July’s Artist of the Month is Arron Kuiper. Arron’s work will be appearing in Outside In: West, at The Museum of Somerset in Taunton from 20 July – 29 September 2013. Kate Davey asks him a few questions about his work and his life as an artist.
1) When did you first become interested in art, and what sparked this interest?
I generally hate it when people say ‘I have always been an artist’ but for me it is quite true, I have drawn and painted prolifically since I could hold the implements. As young as primary school the ‘artist’ stigma has surrounded me. It’s strange to think about now because it was never a choice I made but seemed to be something that just was. It was never really in question.
2) How would you describe your art practice? How has it developed over time?
My practice used to be a staccato mix of wide-ranging, different media. I have always had too many ideas and in this light styled myself as a Koons-esque ideas man. I used to do installation, information/conceptual, performance/identity and video art but it became far too disparate and frenetic. I discovered gel quite a while ago but was always too distracted to give it the time, thought and work that it needed. Now I have calmed down and focused and it has become my medium. I have started to describe it as Three–Dimensional Surrealist Painting due to its representational yet physically impossible imagery. I wouldn’t describe my 2d work as surrealist but I feel it the easiest way of describing the gel. There are political and ideological aspects to my practice yet I would not call them a theme because they are only building blocks for some of my works. The piece ‘Rowan’ for example is one of a diptych about gender inequality. Her male counterpart is much larger yet without a head, having instead only a pineapple in a separate jar placed atop of his glass box.
3) When and why did you start using the unusual medium of gel to create your work?
It started in my first year of uni, I was experimenting with paint, trying to create 3d shapes out of oil paint using thick stencils and realised I would need to add different chemicals to separate or make the paint dry quickly. A tutor called Ed Rennie said ‘Come on Arron you’re in your first year, put anything in there! Porridge, wallpaper paste, hair gel, puppies, jealousy…’ I noticed that hydrogel (water-based hair gel) and oil paint repelled each other, which was the lightbulb moment.
4) What is your work influenced by? Do you have any favourite artists?
I wouldn’t say my work is influenced by other artists. I enjoy purity of vision, perfect realisation and execution. I would rather say I have favourite pieces than favourite artists yet more of my favourite pieces seem to come from certain artists. My ideas may be influenced by my sub-conscience yet to me they seem to just turn up, I am not a fan of using the word inspiration in this way either.
5) What did it mean for you having your work selected for Outside In: West?
It was an unexpected cup of tea and a biscuit when you are working hard in the garden. Only this year have I started producing works I am nearly satisfied with and have had little or no success after 2011 so to have 4 works requested is heartening and justifies my practice at a time when I needed a bit of a boost. Everyone from Outside In has been thoroughly accommodating so it makes you think that ‘hey the big-bad ultra-competitive artworld isn’t so bad after all’.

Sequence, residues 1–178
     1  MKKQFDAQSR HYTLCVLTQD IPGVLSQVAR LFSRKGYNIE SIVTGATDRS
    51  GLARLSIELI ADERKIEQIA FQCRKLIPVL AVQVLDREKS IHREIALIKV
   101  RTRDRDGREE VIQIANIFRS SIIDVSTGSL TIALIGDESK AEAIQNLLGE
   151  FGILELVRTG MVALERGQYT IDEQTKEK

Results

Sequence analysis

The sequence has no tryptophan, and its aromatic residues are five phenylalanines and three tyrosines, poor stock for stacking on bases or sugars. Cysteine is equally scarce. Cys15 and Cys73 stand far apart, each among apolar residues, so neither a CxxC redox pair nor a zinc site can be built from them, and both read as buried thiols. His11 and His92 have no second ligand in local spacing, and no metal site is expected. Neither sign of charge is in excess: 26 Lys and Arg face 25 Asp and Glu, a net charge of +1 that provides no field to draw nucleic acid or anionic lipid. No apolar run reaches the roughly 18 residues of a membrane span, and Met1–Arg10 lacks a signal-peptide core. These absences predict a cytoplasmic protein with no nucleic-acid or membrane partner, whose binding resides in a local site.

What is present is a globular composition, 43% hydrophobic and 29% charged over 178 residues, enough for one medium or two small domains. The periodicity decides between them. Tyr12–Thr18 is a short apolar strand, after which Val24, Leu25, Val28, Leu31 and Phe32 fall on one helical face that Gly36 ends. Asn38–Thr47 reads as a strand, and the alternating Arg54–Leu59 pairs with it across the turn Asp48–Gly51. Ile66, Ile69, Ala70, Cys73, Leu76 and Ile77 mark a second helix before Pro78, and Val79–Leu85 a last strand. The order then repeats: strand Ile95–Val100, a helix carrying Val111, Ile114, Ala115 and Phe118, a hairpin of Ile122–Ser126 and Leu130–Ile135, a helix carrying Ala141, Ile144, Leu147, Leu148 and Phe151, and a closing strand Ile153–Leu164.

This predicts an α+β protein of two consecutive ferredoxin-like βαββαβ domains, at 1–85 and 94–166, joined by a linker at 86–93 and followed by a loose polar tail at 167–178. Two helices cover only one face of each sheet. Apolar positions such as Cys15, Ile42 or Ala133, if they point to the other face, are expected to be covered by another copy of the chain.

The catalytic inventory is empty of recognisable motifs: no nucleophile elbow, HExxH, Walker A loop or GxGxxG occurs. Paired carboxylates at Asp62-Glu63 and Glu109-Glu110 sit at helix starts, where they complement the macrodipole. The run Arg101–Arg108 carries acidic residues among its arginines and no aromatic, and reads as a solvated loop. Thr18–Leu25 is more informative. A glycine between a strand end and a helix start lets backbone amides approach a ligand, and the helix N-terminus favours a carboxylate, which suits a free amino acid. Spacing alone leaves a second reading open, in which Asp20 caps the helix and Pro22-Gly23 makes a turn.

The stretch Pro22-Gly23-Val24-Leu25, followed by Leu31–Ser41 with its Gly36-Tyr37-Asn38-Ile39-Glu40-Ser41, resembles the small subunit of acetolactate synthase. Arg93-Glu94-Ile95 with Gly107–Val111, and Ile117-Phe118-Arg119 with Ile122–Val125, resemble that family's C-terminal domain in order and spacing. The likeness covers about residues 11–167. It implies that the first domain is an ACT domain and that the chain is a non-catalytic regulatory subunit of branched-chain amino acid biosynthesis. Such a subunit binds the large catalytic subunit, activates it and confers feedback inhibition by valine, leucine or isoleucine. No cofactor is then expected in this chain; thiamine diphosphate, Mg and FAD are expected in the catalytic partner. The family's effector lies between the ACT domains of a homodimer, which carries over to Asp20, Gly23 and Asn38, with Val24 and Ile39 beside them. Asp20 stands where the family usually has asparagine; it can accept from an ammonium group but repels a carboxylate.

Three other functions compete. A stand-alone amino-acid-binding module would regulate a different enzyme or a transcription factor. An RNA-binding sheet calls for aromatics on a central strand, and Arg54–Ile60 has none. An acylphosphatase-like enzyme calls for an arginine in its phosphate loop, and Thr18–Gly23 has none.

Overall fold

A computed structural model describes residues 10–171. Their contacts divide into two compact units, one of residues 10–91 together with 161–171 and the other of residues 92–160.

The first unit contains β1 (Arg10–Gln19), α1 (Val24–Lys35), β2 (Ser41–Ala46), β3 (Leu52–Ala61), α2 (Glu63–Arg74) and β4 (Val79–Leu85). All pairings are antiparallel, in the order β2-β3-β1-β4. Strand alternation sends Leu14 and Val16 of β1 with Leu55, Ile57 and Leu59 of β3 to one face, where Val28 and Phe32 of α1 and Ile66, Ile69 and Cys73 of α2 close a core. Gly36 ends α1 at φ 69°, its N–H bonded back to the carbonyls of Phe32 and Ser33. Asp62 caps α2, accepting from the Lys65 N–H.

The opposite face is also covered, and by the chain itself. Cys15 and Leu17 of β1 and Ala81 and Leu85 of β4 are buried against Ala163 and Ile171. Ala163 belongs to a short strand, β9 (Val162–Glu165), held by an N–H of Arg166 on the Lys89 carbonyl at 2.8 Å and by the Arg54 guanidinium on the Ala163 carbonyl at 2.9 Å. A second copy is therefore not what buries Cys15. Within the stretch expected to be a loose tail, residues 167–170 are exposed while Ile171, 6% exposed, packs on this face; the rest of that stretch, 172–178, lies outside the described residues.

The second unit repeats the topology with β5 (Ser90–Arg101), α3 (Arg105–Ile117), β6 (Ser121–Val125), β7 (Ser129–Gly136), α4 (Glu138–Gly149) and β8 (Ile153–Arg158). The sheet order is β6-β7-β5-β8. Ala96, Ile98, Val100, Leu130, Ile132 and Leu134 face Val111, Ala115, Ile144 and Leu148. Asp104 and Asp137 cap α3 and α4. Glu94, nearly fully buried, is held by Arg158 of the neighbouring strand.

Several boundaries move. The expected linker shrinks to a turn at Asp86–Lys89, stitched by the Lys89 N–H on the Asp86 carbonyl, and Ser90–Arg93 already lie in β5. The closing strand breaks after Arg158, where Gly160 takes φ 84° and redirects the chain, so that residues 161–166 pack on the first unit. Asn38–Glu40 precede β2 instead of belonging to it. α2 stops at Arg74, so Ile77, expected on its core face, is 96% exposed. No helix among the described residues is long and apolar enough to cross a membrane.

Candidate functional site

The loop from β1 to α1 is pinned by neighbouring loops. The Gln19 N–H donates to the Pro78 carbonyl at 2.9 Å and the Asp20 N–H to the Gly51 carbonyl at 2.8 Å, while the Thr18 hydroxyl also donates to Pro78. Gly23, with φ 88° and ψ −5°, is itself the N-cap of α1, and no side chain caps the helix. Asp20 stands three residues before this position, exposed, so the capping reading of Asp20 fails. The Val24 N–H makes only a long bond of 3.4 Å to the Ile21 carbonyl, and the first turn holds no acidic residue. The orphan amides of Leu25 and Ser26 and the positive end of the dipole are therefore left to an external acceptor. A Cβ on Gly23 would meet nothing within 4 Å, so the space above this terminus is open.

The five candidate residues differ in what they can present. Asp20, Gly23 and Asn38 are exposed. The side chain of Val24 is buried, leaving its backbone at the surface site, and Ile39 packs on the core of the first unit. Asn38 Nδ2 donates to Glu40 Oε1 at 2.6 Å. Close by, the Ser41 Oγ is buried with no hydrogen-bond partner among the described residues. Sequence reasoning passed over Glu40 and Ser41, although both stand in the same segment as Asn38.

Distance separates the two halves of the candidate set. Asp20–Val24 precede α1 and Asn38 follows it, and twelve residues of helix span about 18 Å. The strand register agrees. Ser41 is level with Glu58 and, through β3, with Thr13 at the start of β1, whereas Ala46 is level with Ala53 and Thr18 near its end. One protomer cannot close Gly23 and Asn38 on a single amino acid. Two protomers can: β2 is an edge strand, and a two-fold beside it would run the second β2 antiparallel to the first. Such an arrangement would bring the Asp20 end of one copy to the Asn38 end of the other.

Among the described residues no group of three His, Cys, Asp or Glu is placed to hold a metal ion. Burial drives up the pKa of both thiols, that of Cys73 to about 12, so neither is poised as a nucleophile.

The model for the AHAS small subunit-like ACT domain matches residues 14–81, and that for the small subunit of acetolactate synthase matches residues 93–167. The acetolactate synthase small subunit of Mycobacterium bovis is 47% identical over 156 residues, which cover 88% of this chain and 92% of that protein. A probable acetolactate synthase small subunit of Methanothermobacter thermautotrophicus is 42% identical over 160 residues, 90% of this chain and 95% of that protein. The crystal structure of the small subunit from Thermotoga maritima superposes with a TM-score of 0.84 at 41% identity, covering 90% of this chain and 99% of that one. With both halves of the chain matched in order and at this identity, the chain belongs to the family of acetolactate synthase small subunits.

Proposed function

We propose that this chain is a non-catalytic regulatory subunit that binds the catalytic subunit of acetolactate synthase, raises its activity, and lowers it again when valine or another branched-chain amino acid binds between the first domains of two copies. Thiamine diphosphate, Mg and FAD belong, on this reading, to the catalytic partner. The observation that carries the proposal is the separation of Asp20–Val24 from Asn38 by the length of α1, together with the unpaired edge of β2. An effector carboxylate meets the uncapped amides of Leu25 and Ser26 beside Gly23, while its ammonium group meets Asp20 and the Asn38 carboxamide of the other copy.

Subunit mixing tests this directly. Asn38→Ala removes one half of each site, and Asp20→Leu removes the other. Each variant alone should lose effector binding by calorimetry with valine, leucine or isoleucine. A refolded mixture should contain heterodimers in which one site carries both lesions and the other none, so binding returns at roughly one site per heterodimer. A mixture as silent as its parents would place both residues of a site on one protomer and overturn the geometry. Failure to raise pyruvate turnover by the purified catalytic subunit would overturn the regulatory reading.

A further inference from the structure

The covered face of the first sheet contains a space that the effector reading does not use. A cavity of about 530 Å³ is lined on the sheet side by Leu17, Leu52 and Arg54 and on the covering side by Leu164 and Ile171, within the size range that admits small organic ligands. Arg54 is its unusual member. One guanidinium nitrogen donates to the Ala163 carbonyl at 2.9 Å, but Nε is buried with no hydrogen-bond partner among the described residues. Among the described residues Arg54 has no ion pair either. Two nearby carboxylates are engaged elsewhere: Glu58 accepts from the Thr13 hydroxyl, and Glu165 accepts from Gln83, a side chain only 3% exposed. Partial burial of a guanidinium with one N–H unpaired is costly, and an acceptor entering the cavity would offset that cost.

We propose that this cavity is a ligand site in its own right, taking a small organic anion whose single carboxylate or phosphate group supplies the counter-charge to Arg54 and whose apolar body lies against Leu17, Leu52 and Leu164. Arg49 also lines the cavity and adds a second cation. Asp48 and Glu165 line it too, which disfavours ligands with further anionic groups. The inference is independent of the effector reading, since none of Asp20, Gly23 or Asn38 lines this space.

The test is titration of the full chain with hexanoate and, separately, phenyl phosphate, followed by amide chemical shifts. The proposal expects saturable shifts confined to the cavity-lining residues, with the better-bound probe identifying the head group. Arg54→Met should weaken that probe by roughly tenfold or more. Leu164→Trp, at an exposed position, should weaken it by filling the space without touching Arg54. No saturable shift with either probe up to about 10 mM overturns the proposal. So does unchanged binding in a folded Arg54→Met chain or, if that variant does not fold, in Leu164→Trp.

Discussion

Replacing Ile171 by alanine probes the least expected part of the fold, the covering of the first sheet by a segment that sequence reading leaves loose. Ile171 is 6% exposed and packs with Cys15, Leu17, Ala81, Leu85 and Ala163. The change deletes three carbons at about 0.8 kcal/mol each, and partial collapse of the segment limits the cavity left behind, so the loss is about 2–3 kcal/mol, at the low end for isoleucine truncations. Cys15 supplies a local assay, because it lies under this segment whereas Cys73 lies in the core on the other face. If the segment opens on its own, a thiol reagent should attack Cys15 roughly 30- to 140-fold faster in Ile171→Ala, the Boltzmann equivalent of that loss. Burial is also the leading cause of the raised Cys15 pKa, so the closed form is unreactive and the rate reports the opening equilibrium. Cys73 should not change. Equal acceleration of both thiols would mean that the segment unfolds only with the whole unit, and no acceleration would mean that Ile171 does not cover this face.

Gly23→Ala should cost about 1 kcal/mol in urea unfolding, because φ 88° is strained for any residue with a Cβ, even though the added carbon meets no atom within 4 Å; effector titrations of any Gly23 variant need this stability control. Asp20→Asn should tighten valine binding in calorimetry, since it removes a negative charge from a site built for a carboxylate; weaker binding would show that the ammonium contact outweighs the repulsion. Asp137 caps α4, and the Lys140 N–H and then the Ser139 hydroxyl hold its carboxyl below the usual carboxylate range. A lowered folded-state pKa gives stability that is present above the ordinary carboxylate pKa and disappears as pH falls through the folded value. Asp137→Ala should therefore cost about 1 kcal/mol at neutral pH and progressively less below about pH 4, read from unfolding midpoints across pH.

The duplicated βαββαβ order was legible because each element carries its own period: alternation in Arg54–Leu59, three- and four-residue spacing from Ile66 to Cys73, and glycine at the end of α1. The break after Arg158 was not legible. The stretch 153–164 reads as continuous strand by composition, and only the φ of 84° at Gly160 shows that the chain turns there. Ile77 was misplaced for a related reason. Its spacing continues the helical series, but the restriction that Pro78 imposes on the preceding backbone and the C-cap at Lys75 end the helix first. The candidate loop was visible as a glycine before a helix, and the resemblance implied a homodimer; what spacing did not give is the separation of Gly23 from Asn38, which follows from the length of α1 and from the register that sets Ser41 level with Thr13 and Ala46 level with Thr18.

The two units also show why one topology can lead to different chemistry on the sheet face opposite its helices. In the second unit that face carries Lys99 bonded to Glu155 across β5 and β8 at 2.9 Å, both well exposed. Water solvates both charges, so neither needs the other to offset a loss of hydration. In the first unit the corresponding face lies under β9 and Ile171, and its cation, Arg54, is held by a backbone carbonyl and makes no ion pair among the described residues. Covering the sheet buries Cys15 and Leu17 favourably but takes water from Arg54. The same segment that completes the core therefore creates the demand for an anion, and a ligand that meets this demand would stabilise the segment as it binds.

6) Could you tell us a bit about your work that will be in the exhibition?
As previously mentioned ‘Rowan’ is one of a pair of pro-feminist works for which I had an ultimate vision that when realised, I felt needed to be changed. She was originally lying atop the male box in a crucifix formation but I decided they were much better upright. Now I see her as a stage in the experimental process with the gel medium (as her form changed due to chemistry and physics) yet there is a sense of fragility in the now spindly limbs. As with any gel piece, they cannot survive outside their purpose built environments. After a while the paint takes on a more organic quality and the pieces change then settle. I get pleasure from this now rather than initial frustration at the lack of accurate representation. The trees I think are about this, about fun, about pleasure. People delight in well observed miniature versions of things (hence the popularity of models) yet these look organic. Jars are how I play because they are widely available (I have over 60 washed and waiting) so you can afford to experiment and have fun. People also delight in holding, exploring and in some cases interpreting them once they understand what they are no matter what age, race or gender. I feel this is important, for mass produced though they are, each is a miniature and unique painting/pleasing object in an age of the printed canvas and online image.
7) What are you working on at the moment?
Last month I finished a life-sized self portrait (pictures on Outside In). It is like a mask of my face and in the back is a large tree bereft of leaves. It is a bit too romantic but was a valuable technical exercise as I am aiming to do life-size portraits. Right now I am working on a full sized head of one of my friends though instead of hair she shall have a garden (this will be the second ‘Head Gardener’ piece, following on from the first which received acclaim in 2011).
8) What's next for you as an artist?
I aim to enter the two aforementioned pieces into the ‘Threadneedle Prize’ next month and have been proposing a couple of Cardiff based exhibitions (including one solely of jars) that I shall get onto after that.
Catch Arron’s work at The Museum of Somerset from 20 July – 29 September as part of Outside In: West:
See more of Arron’s work on his Outside In gallery: http://outsidein.org.uk/Arron-Kuiper